Home Rule. Michigan law gives every local community wide leeway in deciding its own development policy. That has led to a lumpy development map across the region, with some townships opting to remain more rural while others go for more intensive development and the taxes that brings. What’s best for the region as a whole never gets considered. [emphasis added]
Bad demographic estimates. Back around 1950, when Southeast Michigan still enjoyed a heady population growth, some regional leaders believed that perhaps 10 million people would call the region home in the year 2000. Today the real number is a little more than 4 million. Planning for a population surge that never came lay behind much of the urgency in suburban growth.
Urban planning. Urban planners during the era of suburban sprawl paid more attention to the concerns of vehicle traffic than to concepts of walkability and urbanity. The result: Vast expanses of low-density suburbia are given over to paved parking lots and extra-wide streets. Northland and the Silverdome were typical in being plopped amid acres of concrete.
Racism. Toxic racial conflicts between blacks and whites did more than drive middle-class residents out of the city of Detroit. It also gave the newly minted suburbanites a sense of correctness – that Detroit had become a hell-hole best left abandoned. Better race relations no doubt would have lessened the urge to sprawl.
The four other reasons given are federal policy, local elected leaders, and the home builders/road builders who reaped the rewards from the elected's largesse.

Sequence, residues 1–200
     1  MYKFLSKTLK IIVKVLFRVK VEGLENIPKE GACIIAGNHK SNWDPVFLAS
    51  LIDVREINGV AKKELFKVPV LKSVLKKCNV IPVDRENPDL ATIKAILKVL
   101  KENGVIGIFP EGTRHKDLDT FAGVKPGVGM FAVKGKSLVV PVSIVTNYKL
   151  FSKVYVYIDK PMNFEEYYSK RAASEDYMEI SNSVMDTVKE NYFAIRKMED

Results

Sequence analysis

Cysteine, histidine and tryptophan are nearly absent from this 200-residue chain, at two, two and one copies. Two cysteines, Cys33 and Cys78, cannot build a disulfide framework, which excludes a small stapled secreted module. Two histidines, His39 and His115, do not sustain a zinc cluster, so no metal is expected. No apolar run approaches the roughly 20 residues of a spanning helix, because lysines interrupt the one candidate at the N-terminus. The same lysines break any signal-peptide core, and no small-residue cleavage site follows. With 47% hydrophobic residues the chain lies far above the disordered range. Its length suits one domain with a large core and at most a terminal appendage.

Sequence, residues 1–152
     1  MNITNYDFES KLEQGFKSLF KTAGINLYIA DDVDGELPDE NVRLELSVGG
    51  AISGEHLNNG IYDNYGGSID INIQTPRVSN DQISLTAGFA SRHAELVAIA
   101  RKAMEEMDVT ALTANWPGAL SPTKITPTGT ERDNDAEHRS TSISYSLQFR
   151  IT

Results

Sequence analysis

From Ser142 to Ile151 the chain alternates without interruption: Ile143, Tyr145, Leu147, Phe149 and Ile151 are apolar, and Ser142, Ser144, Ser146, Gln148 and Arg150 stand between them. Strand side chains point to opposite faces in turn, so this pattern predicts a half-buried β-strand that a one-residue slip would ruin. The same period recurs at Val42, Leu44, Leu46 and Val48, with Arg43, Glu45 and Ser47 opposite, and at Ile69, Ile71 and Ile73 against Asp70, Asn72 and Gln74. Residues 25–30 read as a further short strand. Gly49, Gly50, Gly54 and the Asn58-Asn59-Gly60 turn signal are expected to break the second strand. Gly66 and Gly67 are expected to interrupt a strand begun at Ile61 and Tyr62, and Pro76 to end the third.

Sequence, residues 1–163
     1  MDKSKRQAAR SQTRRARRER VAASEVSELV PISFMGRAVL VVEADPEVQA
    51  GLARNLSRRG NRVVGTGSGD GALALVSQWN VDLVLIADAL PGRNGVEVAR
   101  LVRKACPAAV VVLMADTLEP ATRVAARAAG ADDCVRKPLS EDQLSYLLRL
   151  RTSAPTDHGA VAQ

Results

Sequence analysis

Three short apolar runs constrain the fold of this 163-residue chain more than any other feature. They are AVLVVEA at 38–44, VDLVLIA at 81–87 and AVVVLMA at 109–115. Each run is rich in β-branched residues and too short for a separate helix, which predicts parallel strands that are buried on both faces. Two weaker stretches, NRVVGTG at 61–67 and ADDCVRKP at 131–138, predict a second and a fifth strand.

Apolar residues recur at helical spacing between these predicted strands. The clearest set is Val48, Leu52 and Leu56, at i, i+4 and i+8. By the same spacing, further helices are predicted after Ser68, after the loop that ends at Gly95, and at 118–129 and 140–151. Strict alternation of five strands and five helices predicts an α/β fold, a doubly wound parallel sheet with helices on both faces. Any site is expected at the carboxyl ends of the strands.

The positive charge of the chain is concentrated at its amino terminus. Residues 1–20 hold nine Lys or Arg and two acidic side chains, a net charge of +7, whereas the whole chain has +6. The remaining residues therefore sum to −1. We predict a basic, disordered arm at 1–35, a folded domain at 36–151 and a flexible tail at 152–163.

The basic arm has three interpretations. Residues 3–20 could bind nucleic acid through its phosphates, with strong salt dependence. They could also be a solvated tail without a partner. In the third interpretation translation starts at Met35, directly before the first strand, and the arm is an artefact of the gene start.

These elements are not unique to a metropolitan area such as Detroit. Many are at play here in south Florida. We can thank Florida's growth management apparatus that operated (past tense) to mandate at least some level of state and regional oversight for growth and development. Michigan never had such a state agency. Regional planning was an afterthought there.

My school district as a youngster in suburban Lansing, Michigan projected a high school population of 10,000 people when it built its new high school in the late 1950s. To accommodate that future growth it was built into different "modules" so that new buildings could be added to the campus over time. That resulted in having to walk between buildings to get to your next class. This was especially fun in February when the wind chill was −40°F. When I graduated from high school the total enrollment was 1,200. The anticipated growth never arrived but the roads and other infrastructure went ahead anyway.

One other factor that portended the future was the impact of the oil crisis of the 1970s and the domestic auto industry being slow to react. Fuel prices are market driven; when supplies are plentiful few plan for a future when they're not.

A question we need to ask ourselves here in south Florida is why do we keep developing land "out west" for new, greenfield development? Why are we following the same steps that have led to the collapse of entire regions? We don't have to research ancient societies on other continents for answers—what happened to Detroit in the late 20th Century is clear enough.